Making Love a Crime: Criminalization of Same-Sex Conduct in Sub-Saharan Africa

Stéphane Koche has been an LGBTI activist in Cameroon since 2005. © Amnesty International
Report
June 24, 2013

Making Love a Crime: Criminalization of Same-Sex Conduct in Sub-Saharan Africa

This report provides an analysis of the legal environment and wider context of human rights violations against lesbian, gay, bisexual, transgender and intersex (LGBTI) individuals in sub-Saharan Africa. Recent years have seen increasing reports of people being harassed, marginalized, discriminated against and attacked because of their real or perceived sexual orientation or gender identity. This is occurring in countries whose legal systems still condone the criminalization of consensual same-sex behaviour, and in countries where the police and justice systems are failing to prevent these crimes from happening.

The continued criminalization of consensual same-sex conduct in 38 African countries is a serious cause for concern. The existence and implementation of these laws violates a raft of international and regional human rights norms, and serves to marginalize one group of Africans based on their sexual orientation and gender identity alone. The last decade has witnessed efforts in some sub-Saharan African countries to further criminalize LGBTI individuals by ostensibly targeting their behaviour, or to impose steeper penalties and broaden the scope of existing laws. Uganda has seen repeated attempts since 2009 to introduce the Anti-Homosexuality Bill - a bill which would seek to impose the death penalty for 'aggravated' homosexuality, and which would criminalize anyone in Uganda who does not report violations of the bill's wide-ranging provisions within 24 hours to authorities. South Sudan, on becoming independent in 2008, criminalized consensual same-sex conduct for women and men with up to 10 years' imprisonment. Burundi criminalized same-sex conduct for men and women in 2009 by revising the criminal code to outlaw 'sexual relations with someone of the same sex'. In 2011 and 2012, Nigeria and Liberia respectively introduced bills to toughen penalties for same-sex conduct. And Mauritania, northern regions of Nigeria, the southern region of Somalia and Sudan, retain the death penalty for the same.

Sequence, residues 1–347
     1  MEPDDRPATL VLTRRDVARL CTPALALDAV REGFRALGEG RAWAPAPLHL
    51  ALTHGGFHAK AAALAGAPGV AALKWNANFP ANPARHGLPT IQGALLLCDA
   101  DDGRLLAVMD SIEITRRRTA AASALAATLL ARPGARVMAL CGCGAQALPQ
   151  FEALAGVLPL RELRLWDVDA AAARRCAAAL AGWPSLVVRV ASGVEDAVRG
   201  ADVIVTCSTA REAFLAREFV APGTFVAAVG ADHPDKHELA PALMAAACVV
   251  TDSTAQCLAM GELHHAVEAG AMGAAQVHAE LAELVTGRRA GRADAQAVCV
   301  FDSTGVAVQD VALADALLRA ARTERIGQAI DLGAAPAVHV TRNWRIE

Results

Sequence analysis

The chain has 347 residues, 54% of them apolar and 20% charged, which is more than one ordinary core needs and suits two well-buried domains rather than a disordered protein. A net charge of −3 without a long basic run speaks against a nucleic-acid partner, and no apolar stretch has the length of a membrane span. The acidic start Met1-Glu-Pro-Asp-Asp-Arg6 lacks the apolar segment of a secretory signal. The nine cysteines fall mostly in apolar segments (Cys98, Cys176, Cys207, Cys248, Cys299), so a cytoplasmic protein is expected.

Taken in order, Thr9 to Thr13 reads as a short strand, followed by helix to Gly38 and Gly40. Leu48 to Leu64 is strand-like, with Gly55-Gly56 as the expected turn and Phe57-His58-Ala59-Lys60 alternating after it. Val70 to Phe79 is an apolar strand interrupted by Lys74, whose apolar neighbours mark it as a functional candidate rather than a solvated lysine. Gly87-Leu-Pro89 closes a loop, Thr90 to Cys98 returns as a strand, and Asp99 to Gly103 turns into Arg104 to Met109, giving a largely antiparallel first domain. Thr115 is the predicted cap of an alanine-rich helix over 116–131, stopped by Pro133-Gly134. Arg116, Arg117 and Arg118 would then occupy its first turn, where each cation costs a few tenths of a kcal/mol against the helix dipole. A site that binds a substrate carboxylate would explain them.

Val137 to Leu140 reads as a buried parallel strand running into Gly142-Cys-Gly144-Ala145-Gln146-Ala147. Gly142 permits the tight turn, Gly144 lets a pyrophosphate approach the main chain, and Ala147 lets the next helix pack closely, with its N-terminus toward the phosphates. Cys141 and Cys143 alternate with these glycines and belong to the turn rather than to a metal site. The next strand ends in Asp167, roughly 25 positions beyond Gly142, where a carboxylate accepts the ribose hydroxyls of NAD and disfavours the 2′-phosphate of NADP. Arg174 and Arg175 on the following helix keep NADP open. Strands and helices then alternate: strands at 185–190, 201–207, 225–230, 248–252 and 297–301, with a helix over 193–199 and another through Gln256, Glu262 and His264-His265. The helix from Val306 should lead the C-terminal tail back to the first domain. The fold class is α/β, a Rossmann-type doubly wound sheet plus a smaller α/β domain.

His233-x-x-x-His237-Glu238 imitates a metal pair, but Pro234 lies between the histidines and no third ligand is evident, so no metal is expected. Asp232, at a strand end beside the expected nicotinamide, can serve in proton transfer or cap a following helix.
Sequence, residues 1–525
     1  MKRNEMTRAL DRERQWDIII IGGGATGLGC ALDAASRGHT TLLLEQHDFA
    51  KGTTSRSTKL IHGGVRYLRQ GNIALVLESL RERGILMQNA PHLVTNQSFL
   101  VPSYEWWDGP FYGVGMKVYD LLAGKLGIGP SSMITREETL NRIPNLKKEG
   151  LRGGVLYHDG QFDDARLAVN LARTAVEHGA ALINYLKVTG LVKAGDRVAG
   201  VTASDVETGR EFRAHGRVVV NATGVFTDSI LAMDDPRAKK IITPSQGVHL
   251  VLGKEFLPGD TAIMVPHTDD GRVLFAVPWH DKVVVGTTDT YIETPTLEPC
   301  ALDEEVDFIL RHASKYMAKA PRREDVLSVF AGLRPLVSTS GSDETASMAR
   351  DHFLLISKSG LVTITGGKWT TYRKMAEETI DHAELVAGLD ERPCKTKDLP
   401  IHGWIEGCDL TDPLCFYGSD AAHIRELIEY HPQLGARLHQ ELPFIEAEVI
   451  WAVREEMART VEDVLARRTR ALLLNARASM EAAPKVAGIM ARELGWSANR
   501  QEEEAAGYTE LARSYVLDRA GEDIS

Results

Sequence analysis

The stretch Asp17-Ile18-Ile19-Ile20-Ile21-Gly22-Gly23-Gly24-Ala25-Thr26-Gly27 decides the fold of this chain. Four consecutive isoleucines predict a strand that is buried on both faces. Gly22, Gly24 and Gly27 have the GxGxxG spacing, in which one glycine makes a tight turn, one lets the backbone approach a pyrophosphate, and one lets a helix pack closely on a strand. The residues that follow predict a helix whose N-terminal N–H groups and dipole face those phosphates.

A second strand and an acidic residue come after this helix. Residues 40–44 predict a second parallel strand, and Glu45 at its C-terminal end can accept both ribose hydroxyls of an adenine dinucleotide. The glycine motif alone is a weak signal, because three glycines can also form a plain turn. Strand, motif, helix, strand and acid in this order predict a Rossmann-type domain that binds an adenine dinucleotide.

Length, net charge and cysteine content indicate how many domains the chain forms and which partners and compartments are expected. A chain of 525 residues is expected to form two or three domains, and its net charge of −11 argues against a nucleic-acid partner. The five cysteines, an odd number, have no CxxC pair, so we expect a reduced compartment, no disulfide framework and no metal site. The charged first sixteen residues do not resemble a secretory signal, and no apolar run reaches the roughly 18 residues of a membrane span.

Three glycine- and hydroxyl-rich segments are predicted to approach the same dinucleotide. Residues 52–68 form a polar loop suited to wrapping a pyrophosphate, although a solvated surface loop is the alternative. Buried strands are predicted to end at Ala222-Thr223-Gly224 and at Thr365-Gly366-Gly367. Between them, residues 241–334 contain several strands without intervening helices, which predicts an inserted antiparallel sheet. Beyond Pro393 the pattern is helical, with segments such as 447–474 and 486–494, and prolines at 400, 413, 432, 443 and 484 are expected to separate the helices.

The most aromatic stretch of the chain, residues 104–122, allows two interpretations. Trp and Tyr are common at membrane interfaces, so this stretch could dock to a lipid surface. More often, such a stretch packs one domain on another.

Laws criminalizing consensual same-sex conduct affect LGBTI Africans on a daily basis. In some countries, like Cameroon, individuals are regularly arrested after having been denounced to authorities as being gay or lesbian. Individuals are usually arrested, charged and sentenced without evidence of same-sex conduct, and sometimes invasive medical examinations are performed in an attempt to obtain 'evidence' of such. Even in countries where anti-homosexuality laws are not routinely implemented, the existence of the laws alone provide opportunities for abuse, including blackmail and extortion, both by police and by non-state actors. Furthermore, the existence of laws that criminalize one group of people based on who they are and who they (are presumed to) have consensual sex with, sends a message to the broader population that discrimination on the basis of sexual orientation and gender identity is acceptable, and that human rights do not apply to LGBTI people. This creates an environment in which harassment, intimidation and violence against LGBTI people can flourish, and people can perpetrate such acts with impunity.

 

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